For Colored Girls Who Have Considered Politics, by Donna Brazile, Yolanda Caraway, Leah Daughtry, Minyon Moore, with Veronica Chambers (St. Martin’s Press, New York, NY, 2018, 316 pages).
Book Review by Dennis Moore
somebody/anybody sing a black girl’s song, bring her out to know herself, to know you, but sing her rhythms … sing her sighs, sing the song of her possibilities, sing a righteous gospel, the makin of a melody, let her be born, let her be born & handled warmly.
May 8, 2019 (San Diego) - Ironically, in my earlier review of Donna Brazile’s book Hacks in the East County Magazine in San Diego, she makes the profound statement; “I am not Patsey the Slave.” This was in reference to her involvement in the Clinton campaign and her being chairman of the Democratic National Committee (DNC), and despite that fact, Brazile being marginalized by Clinton’s brain trust in New York, with Brazile specifically stating: “Y’all keep whipping me and you never give me any money or any way to do my damn job. I am not going to be your whipping girl!”
This book is rich in history and politics, which includes the personal insight from four fabulous and acclaimed black women!
For Colored Girls Who Have Considered Politics, is actually a take on noted activist and author Ntozake Shange’s iconic and revolutionary book; For Colored Girls Who Have Considered Suicide/When the Rainbow Is Enuf, involving four powerful black women that have been in the forefront of politics.
It should be noted that Shange admitted publicly to having attempted suicide on four different occasions. That should put into perspective the Colored Girls’ story, and why their insistence or identifying with Shange and her above quote.
Donna Brazile, a veteran Democratic political strategist, is an adjunct professor at Georgetown University, author, television political commentator, and former interim chair of the Democratic Party. She is the author of Cooking with Grease and the New York Times bestseller Hacks.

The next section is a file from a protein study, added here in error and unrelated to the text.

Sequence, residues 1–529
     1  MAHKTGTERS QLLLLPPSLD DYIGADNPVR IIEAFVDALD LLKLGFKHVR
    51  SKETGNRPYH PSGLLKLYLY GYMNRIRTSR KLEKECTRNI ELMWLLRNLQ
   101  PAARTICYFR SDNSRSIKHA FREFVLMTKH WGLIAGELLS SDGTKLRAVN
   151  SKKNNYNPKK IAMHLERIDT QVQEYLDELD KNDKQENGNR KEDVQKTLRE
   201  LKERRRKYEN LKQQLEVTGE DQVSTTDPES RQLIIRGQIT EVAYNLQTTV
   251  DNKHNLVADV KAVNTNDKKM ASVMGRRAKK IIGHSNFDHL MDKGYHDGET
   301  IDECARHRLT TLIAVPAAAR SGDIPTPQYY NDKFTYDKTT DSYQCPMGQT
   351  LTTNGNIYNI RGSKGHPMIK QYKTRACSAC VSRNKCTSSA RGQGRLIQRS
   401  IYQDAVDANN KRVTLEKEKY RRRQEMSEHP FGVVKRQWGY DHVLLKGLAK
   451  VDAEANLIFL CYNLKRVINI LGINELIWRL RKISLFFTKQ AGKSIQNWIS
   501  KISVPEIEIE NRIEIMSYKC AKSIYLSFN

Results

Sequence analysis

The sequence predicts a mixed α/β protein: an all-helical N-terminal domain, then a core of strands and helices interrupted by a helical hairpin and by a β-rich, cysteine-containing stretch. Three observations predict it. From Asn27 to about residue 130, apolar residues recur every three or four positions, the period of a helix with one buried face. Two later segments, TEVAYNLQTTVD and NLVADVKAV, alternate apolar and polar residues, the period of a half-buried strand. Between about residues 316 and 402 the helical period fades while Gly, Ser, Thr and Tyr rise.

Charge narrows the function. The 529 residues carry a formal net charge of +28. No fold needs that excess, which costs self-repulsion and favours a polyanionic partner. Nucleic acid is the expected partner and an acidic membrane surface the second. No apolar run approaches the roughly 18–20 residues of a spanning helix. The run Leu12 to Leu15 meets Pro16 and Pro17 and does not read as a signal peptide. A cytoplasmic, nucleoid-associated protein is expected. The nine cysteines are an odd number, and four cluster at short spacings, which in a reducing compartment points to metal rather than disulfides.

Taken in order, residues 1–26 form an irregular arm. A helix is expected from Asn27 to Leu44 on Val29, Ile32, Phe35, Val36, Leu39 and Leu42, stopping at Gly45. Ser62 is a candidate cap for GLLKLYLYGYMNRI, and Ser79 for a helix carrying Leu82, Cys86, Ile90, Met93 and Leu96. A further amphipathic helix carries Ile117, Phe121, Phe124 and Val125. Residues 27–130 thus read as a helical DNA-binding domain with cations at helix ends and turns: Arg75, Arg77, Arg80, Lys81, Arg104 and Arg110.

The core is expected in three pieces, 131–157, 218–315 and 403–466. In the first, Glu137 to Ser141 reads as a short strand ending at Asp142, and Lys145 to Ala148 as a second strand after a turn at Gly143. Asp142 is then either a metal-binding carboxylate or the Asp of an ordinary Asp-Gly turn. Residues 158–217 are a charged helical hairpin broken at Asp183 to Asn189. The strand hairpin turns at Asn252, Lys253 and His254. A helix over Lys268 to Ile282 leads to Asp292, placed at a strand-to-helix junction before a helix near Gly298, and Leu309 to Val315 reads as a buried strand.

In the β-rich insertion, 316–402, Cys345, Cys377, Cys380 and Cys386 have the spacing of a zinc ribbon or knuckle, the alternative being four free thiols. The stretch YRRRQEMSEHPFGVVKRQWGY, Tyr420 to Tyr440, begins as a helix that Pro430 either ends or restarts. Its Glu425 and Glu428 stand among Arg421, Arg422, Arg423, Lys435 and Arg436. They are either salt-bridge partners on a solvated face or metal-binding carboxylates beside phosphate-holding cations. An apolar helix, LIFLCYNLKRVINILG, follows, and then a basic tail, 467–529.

Yolanda Caraway is the founder of the Caraway Group, Inc., a nationally recognized public relations and public affairs agency. She has played a major role in shaping the goals and objectives of the national Democratic Party.
The Reverend Leah Daughtry is a nationally recognized preacher, speaker, organizer, leader, strategist, and CEO of the 2008 and 2016 Democratic National Conventions.
Minyon Moore is a partner at the Dewey Square Group, was formerly CEO of the Democratic National Committee, and served as assistant to the president of the United States, director of the White House Office of Political Affairs under President Bill Clinton.
These four acclaimed women have written this book to indicate how far we have come as a people, and how much farther we have to go in order to achieve a modicum of freedom that we all aspire for. Throughout the telling of their story they call on and identify other black women that have been activists and political warriors, such as Nina Simone and the Rev. Willie Barrow of Operation Push in Chicago.